As a kid I always thought “blackening seasoning” was just culinary code for burnt. When I finally tried this sublime mix of spices, I realized it was much more than a fake char and could be utilized in so many dishes.
What's In This Article
History of Blackened Seasoning
The process of blackening is to dip protein in butter, dredge in a spice mix like the one here and then sear it at high temperatures in a cast iron pan.
It is based in Louisiana and therefore is very similar to Cajun and Creole seasoning (which are also different). Blackening is actually a process and technique cooking rather than a spice blend.
For this recipe, we are skipping the cast iron and using the oven at a high heat instead. It doesn’t yield the exact same results, but it is close enough to still be in the blackened family.
Blackened Seasoning Uses
What can I use blackened seasoning on?
The bold flavors of this seasoning taste good on many things, but get a good grounding for exactly how you like it before you go spicing up everything.
Fish, shellfish, beef, pork and chicken are all favorites. The flavor profile will change if you add it to water and oil for a marinade and again if you use it as a rub and sear the spice mix directly on high heat.
You can also use it on roast and grilled veggies, salads and even garlic bread, pasta or for seasoning alfredo sauce.
Blackened Fish Seasoning
This rub is especially good on fish and shellfish. You can go the old fashioned route of basting the seafood of choice with butter or dab it dry with a paper towel and then rub in the mix.
You can do this right before cooking or let is marinate a little.
For shrimp, I prefer to peel them first, then toss dry shrimp in the seasoning. Pan frying over high heat or skewering and grilling.
Salmon, tilapia, cod, swordfish and any filleted fish also works well. You can also pan fry at high heat, starting with the seasoning side down, then flipping. These can also be grilled on a salt block or cedar plank.
Blackened Chicken Seasoning
Possibly the most popular way to use the seasoning is chicken. If pan frying, baste with butter then adhere the blackened seasoning.
Heat a cast iron pan to smoking point and sear. Turn on all your fans and open the windows! Things are going to get smoky!
You can also rub it into chicken pieces and either bake or grill them, but I don’t suggest using butter for these because it will slide right off.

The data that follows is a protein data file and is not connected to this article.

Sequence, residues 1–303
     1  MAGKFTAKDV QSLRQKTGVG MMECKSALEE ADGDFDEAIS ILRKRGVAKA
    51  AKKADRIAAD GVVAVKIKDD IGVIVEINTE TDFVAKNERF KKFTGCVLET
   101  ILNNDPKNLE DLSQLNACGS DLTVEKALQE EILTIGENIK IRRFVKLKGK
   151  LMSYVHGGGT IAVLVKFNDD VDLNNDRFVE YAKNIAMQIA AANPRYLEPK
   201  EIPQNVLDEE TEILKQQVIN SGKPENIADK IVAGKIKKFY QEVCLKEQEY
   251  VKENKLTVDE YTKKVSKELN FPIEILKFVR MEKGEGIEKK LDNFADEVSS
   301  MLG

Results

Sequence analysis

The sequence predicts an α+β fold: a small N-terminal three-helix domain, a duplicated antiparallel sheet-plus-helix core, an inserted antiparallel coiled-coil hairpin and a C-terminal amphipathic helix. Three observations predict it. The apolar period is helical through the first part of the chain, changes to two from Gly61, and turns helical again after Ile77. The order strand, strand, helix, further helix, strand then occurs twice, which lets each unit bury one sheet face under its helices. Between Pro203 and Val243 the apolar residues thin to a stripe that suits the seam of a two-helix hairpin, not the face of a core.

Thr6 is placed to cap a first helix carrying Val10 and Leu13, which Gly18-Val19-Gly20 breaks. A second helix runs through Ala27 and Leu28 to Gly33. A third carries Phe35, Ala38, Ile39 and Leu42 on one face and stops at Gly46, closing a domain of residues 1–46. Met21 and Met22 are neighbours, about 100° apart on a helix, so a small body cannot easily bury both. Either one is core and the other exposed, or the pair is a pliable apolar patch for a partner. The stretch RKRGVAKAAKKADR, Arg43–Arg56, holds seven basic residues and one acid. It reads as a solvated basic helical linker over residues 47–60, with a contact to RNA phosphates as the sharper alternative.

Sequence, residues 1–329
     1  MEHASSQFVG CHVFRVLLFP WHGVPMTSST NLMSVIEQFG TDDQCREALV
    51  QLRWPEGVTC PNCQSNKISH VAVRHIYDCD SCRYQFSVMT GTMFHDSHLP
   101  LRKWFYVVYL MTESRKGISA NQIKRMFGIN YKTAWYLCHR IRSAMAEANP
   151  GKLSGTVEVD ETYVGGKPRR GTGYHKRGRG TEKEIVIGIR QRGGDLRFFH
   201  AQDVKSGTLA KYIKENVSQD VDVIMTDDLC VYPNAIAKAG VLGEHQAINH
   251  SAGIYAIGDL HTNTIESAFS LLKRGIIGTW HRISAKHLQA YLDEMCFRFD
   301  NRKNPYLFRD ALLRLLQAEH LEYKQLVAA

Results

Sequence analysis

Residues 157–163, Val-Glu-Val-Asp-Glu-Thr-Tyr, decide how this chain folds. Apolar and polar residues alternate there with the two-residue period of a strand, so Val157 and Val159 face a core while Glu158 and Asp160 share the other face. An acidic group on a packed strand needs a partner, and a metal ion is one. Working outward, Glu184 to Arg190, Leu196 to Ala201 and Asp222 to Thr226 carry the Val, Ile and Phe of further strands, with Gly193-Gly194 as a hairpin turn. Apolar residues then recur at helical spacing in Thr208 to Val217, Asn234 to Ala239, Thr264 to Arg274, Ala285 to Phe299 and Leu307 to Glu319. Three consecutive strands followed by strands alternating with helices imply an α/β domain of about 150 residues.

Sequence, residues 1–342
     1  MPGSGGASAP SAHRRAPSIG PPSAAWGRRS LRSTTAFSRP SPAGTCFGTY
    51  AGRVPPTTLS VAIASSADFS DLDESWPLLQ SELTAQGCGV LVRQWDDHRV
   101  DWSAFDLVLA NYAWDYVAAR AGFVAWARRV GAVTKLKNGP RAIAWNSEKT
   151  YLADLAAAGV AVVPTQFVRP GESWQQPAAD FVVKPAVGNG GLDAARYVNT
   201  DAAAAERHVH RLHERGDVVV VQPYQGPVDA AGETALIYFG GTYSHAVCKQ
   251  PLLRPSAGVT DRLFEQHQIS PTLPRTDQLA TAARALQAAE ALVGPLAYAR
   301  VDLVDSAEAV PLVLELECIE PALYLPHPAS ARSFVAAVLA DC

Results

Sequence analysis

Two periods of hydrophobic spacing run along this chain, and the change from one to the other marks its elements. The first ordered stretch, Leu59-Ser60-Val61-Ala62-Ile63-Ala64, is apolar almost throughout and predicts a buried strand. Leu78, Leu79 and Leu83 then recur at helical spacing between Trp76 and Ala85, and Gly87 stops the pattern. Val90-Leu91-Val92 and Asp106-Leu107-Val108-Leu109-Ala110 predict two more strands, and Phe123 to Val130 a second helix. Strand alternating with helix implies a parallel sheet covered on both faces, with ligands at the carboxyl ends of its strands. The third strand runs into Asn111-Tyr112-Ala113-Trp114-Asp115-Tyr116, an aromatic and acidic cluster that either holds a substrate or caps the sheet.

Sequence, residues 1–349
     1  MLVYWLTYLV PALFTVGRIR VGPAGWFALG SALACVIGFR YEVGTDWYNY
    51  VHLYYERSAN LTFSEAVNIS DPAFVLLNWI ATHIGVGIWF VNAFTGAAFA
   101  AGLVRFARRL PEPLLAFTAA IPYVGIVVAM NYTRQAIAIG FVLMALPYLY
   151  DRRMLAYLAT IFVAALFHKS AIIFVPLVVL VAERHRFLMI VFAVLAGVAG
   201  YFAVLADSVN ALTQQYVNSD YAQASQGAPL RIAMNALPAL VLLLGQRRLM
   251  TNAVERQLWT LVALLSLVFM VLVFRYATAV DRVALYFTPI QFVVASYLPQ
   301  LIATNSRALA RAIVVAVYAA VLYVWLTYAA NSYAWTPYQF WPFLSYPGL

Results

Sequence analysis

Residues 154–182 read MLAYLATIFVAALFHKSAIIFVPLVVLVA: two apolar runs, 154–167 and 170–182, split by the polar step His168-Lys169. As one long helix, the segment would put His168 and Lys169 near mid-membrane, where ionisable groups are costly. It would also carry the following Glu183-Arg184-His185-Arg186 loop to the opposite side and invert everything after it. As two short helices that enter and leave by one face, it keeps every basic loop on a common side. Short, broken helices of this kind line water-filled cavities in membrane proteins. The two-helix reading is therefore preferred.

Can I use regular paprika instead of smoked?
This question inevitably comes up and the answer is: yes. I like the smoked essence, but if that isn’t your jam or you are just out, feel free to use regular paprika.
Chipotle Chile Powder
Can I use regular chile powder?
Again, yes. It also has a smoky aroma and flavor that I like in my blackened seasoning, especially when I am using it as a marinade or rub and not applying it to direct heat to really bring out the flavors.
Keep in mind that store bought chile powder is usually a mix of ground chile powders and other spices like cumin, garlic powder and oregano, so you might want to dial it back a notch on those ingredients in your mix.
Can I customize it?
By all means, YES! This ia base version. If you want something hotter, add more chipotle and cayenne or use even hotter chile powders.
Dial it back by reducing those. You can also play with the amounts of dried herbs to your liking. Sometimes I even add marjoram. If you don’t have all three (or just want to cut a corner) try using 1 1/2 teaspoons of Italian Seasoning instead.
Wondering why the mix you buy at the store is a smooth grain, but the ingredients you are putting into yours are a little more coarse?
Two words: spice grinder. This one also works for coffee beans…
This is totally optional and a matter of personal perference. If you want a smooth mix, give it a few grinds. If you don’t really care and just need the flavors, keep it whole.
Store at a room temperature in a cool, dry place like a cupboard or pantry, in an airtight container. I try to use mine within 1 year, but that is mostly because dried herbs and spices start to lose their potency after about 6 months of being opened, so your spice mix will also start to lose flavor.
Blackened seasoning also makes a great gift. Buy some small glass jars at the craft store and give it for hostess gifts, house warmers, Christmas and more.